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Wyoming falls short of wolf quota

Wyoming fell short of its 52 wolf quota in the trophy game zone by 10 when the season ended Dec. 31, 2012.

The limit was not reached, probably because wolves proved harder to hunt than many thought they would be, said Mark Bruscino, Wyoming Game and Fish Department statewide supervisor of the large carnivore management section in Cody.

There were 4,477 licenses sold making hunter success less than 1 percent. Nearly 96 percent of the hunters were from Wyoming and most of the wolves were taken by Wyoming hunters. There were 198 non-resident licenses sold, Bruscino said.

Forty-one wolves were lawfully killed in trophy game area in hunt areas 1-12. One additional wolf was killed illegally and was subtracted from the quota while the hunt area was open. “Therefore, 42 wolves counted towards open season hunt area quotas,” said a Gray Wolf Monthly Update for December 2012 by the Game and Fish.

That was area 8 in the Jackson unit after two hunters filled the quota at about the same time, said the update.

Five of the 12 areas reached their quotas.

Two wolves were illegally killed in the Gros Ventre area near Jackson in December. (See related story.)

The Absaroka management unit with four areas had the highest quota of 23 wolves and highest harvest of 22 wolves.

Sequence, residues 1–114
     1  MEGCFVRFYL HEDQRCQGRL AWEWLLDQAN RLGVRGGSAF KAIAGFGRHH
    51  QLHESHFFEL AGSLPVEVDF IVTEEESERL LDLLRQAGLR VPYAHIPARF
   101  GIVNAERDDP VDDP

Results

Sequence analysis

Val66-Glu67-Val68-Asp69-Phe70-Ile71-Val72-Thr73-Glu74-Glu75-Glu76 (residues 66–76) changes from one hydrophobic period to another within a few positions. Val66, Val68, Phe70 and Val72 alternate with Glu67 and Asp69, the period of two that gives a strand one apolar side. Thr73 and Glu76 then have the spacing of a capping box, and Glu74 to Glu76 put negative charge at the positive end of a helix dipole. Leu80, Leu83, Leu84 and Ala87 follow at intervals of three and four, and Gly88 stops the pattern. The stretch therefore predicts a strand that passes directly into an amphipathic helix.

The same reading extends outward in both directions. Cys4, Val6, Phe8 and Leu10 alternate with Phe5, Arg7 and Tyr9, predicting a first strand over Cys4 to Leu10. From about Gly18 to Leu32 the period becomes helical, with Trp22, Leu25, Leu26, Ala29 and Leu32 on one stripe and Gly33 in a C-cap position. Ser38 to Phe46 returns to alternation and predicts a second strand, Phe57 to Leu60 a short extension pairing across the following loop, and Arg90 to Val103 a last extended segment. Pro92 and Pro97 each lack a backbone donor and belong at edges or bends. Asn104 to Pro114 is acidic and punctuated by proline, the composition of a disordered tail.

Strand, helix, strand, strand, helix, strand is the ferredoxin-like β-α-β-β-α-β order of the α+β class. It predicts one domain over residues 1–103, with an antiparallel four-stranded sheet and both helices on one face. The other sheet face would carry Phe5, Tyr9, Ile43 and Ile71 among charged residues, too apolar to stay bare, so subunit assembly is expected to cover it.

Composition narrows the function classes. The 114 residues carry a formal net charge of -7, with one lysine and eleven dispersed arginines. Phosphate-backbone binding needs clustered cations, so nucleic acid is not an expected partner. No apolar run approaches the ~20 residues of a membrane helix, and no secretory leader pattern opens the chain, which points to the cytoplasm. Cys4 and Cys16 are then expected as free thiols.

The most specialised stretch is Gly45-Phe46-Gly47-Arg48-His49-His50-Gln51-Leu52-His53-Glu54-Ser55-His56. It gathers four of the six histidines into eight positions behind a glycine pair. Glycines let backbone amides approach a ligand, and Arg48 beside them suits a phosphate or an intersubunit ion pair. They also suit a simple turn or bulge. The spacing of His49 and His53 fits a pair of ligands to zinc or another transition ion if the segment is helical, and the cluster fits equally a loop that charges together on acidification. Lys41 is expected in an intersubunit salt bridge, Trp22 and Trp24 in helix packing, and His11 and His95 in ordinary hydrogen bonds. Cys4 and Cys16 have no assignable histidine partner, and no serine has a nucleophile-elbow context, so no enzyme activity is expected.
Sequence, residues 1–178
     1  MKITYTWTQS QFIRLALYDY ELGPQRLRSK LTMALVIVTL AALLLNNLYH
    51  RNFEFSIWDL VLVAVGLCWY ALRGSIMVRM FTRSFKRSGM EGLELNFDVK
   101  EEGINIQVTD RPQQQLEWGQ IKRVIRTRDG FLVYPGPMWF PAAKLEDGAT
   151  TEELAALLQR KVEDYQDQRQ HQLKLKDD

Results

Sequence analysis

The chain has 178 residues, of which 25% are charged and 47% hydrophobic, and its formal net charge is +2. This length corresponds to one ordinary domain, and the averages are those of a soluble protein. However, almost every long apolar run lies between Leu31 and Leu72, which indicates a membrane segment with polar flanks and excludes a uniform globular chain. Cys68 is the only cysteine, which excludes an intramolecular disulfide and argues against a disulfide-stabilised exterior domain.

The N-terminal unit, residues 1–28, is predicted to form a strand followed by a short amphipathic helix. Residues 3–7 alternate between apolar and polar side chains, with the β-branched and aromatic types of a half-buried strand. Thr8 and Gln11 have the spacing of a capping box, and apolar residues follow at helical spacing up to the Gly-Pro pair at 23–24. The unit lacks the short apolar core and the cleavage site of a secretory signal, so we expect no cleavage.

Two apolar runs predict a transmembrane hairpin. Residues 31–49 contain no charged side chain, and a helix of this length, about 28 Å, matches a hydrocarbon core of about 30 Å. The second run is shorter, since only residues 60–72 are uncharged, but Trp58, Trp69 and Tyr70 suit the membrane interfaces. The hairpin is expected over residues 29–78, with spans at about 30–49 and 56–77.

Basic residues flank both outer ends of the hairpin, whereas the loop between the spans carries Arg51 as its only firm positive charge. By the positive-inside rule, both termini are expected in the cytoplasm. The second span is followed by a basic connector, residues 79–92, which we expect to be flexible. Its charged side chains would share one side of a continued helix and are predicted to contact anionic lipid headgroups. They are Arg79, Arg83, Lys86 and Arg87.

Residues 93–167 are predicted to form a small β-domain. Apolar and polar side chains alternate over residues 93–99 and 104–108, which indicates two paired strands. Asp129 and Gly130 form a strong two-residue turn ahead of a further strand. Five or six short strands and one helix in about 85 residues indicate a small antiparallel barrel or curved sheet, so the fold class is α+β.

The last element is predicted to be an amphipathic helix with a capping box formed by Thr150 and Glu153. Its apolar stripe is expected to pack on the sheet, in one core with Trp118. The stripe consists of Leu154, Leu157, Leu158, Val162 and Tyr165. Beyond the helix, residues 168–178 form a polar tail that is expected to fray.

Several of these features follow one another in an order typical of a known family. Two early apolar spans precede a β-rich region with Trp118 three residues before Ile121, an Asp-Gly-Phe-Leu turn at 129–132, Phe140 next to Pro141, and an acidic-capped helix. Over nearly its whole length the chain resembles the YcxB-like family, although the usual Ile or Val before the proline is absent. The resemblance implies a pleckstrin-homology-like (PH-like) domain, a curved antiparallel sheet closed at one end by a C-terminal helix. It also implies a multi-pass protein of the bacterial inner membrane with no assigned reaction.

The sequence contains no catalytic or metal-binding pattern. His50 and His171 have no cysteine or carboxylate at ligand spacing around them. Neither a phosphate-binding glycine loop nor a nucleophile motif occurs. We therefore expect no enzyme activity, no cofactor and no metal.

The quota was higher in the Absaroka unit because of a large population of wolves, livestock depredation by wolves, some concern about the impacts wolves have on wild ungulates and the fact that the unit is large, covering large tracts of national forest and wilderness areas, Bureau of Land Management land and private property, Bruscino said.

There was no documentation of livestock killed by wolves in December 2012. And there was no wolf conflict management actions taken in December 2012. But, that information is based on a draft report that is subject to change, said the update.

The Game and Fish in cooperation with Wyoming Animal Damage Management Board produced a brochure titled “Wolves in Wyoming: A guide for livestock producers,” to provide guidance for producers who experience damage to livestock from wolves. The brochure is available at Game and Fish regional offices or by downloading it at http://wgfd.wyo.gov/web2011/Departments/Wildlife/pdfs/WOLF_LIVESTOCK_BROCHURE0003179.pdf.

In the predator zone, 26 wolves were killed, according to the summary.

All wolf mortalities will be factored into the 2012 minimum population estimate and considered during the 2013 season-setting process, said the update.

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